Thursday, July 21st, 2005

Wild Boar Roast Preview

My wild boar birthday party was a huge success! It’s going to be a future Hostess Project article for August, but here are a few random highlights for now:

  • I picked up the wild boar from Don & Joe’s Meats and was shocked to find it looked nothing like the pig I roasted last year; it, uh, had no skin.
  • The wild boar looked grotesque without any skin, but it was fascinating to see all the muscle groupings and how they fit together. We named him Francis Bacon.
  • I decided not to marinate Francis, but instead soaked him overnight in a vinegar and brown sugar brine.
  • While Francis was not very tender, he was delicious and boar-y tucked inside banh mi sandwiches filled with fresh pickled veggies.
  • People brought a beautiful array of appetizers including summer rolls, chicken and mango in wonton cups, galloping horses and peanuts coated in a coconut candy shell.
  • My brother made Vietnamese iced coffees, which require the cutest little coffee filter contraptions. I’m not a coffee drinker at all, but I couldn’t stop sipping these!
  • The simple syrup drinks were a huge hit, except for the pandan leaf; it was a little weird in the drinks and most people thought it smelled like old gym shoes.
  • The cream puffs I made for dessert were delicious tasting, but for some reason the cream never set up. I served the puffs with a bowl of the lemon-grass cream filling on the side, like a dip.

Oh yeah, and I was so exhausted that I fell asleep on top of all the guests’ coats (and purses and pokey cell phones) during the middle of the party. But maybe that’s not a highlight…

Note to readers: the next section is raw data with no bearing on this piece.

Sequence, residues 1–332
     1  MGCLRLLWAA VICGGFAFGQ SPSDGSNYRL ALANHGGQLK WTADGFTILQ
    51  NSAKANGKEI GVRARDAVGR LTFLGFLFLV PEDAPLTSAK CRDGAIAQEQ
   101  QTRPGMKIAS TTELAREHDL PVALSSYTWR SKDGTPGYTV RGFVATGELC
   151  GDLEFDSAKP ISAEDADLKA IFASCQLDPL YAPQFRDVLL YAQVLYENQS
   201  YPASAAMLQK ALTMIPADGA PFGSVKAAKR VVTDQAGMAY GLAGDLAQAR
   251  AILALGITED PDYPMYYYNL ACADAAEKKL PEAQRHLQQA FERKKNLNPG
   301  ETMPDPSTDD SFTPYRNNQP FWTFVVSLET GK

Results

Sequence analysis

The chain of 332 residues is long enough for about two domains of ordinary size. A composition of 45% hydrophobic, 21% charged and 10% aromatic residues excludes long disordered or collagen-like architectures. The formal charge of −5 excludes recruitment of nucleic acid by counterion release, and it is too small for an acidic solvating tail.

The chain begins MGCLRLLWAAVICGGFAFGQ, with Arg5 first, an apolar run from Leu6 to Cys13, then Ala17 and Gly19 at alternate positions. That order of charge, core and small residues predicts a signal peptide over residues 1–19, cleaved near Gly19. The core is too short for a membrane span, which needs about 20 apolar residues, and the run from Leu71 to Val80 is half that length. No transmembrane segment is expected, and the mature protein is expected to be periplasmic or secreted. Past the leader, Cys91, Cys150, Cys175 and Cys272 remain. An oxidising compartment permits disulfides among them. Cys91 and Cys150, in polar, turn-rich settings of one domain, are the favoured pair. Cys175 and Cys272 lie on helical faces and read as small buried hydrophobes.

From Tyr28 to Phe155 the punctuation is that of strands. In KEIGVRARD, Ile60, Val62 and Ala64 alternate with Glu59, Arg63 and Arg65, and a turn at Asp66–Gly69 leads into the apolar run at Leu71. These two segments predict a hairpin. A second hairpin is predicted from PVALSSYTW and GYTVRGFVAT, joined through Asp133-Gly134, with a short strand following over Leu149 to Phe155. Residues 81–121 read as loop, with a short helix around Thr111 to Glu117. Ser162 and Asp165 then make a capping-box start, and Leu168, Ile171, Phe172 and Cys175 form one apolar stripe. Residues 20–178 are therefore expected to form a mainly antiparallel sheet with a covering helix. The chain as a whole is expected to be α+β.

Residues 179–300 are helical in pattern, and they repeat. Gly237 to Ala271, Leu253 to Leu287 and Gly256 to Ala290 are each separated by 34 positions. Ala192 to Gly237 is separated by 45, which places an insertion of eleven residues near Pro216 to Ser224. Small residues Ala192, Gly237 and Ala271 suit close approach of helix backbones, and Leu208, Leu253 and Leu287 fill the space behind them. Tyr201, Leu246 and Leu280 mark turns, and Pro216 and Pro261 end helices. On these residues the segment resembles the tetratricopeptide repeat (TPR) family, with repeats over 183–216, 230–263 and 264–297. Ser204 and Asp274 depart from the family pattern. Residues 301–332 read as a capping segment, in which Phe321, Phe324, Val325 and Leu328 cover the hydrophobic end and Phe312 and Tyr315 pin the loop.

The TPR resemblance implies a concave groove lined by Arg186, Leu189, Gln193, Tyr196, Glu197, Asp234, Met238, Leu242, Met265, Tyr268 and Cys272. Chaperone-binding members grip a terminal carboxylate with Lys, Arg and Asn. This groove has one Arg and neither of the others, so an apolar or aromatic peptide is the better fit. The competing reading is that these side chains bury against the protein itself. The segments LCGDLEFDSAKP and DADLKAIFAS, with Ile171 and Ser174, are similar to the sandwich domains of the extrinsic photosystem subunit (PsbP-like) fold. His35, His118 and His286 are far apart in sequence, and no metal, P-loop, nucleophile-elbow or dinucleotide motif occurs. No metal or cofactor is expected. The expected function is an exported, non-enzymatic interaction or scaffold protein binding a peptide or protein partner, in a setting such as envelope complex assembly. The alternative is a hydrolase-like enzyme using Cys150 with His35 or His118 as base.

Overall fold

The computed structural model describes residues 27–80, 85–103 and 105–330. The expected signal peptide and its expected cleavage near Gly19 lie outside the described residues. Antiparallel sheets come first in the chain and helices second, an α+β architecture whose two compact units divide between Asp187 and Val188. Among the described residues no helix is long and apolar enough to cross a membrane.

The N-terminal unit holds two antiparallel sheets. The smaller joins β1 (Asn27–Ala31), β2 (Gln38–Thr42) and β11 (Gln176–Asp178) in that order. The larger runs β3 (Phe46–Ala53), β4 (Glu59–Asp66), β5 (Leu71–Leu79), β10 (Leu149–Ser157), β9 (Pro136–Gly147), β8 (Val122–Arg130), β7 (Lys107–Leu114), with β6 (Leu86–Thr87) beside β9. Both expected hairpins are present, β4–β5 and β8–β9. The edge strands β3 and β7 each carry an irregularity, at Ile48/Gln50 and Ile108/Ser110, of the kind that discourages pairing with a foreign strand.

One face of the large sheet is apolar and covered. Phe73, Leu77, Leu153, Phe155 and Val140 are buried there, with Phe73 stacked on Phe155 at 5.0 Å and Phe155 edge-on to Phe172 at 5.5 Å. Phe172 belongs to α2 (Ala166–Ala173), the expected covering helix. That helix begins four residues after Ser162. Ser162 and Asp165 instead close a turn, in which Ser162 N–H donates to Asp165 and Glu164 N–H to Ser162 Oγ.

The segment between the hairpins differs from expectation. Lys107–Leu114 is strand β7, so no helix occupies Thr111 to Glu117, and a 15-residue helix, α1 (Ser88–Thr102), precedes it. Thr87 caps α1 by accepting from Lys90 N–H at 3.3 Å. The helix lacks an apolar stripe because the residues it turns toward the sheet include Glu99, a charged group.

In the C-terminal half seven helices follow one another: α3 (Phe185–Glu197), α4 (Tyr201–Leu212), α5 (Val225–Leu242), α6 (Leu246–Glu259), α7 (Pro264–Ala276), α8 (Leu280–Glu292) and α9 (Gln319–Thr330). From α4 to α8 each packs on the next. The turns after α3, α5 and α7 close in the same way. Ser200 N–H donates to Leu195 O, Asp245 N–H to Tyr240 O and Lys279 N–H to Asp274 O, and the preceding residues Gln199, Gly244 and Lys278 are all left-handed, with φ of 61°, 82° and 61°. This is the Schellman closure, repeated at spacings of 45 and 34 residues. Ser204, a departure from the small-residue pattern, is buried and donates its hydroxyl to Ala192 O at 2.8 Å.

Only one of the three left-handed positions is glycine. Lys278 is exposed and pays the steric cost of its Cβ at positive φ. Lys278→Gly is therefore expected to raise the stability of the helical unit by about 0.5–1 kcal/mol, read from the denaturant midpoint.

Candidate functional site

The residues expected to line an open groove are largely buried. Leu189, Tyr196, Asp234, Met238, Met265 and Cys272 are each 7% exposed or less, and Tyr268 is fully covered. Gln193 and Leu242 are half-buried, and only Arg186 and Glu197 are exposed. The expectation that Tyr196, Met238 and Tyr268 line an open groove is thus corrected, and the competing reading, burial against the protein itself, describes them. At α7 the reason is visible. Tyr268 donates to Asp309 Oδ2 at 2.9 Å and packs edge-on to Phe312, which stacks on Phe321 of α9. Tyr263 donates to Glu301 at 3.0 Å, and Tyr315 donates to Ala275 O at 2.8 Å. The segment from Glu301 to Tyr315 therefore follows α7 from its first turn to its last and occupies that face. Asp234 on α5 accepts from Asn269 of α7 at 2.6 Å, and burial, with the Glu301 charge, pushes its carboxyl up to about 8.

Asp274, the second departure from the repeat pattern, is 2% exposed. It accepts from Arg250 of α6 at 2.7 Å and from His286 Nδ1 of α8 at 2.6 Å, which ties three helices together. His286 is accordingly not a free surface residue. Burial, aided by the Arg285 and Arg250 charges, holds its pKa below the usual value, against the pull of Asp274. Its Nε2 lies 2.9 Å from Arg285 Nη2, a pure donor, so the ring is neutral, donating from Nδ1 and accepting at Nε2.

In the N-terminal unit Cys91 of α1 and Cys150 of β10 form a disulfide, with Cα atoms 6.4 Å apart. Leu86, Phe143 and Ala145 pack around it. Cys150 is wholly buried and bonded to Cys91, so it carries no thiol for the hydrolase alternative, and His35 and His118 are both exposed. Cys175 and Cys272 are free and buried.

24 Responses to “Wild Boar Roast Preview”

  1. Dr. Biggles says:

    Fell asleep or passed out? If it were me? I would have passed out.
    Man, I’m contemplating your hog party as my birthday destination next year. Heh.


  2. joey says:

    Wow! That looked great! One of my dream cooking goals to to roast a pig outdoors…I live in a condo so slim chance. BTW, tried the dry roasted ribs…excellent! Everyone loved it! Used beef ribs though so had to roast it longer, but it came out great…soft inside with crunchy bits outside. Will try some pork ribs next :-)

  3. Stephanie says:

    We’re having a luau this weekend for my son’s birthday, but this looks like more than I could pull together right now. Maybe when he’s older! :) Looks like it was fun though!

  4. Katy says:

    That’s so incredible! How weird that the pig looked different than last time …

  5. megwoo says:

    Biggles, I’m not sure there’s going to be a next year… I can’t seem to produce the all-around tender pig/boar that I want using the above ground method. Plus it’s just so expensive! I’m thinking next year I’ll do another pulled pork party. You’re welcome to come on up!

  6. megwoo says:

    Joey, Glad you enjoyed the ribs. I’m actually going to make them again this weekend… this time I’ll be patient enough to take pictures! Your Roast Chicken with Grapes looks and sounds sublime—I’m definitely going to try that one out.

  7. megwoo says:

    Your Luau sounds like fun! I’ve always wanted to host a luau. What kinds of food are you making?

  8. stef says:

    wow, i’ve never had wild boar!!! it looks weird but very yummy! about the pandan leaves—have you tried them in rice—just stick a couple of leaves in your rice cooker—it will give the rice a wonderful fragrance…. also try pandan ice cream—babyrambutan.blogspot.com just posted about it—and there should be some pandan cake recipes on the net. so many things to do with those green leaves!

  9. Thanks for the sample – I finished it off today… :-)

    ~ B

  10. MisChef says:

    OMG I can’t believe you left the head on. that’s too much for me… I am the opposite of a vegetarian: I won’t eat food UNLESS it has a face (no clams, mussels, sea urchins, jellyfish, sea cucumber….) However, I don’t actually want the face ATTACHED when I’m going to dig in!

  11. Happy (Belated) Birthday, Meg. Looks like quite a bash!

    Dry ribs are the way to go, IMHO. Ribs are really subjective, but I like to take the back membrane off, rub ‘em with a great dry rub and go for it.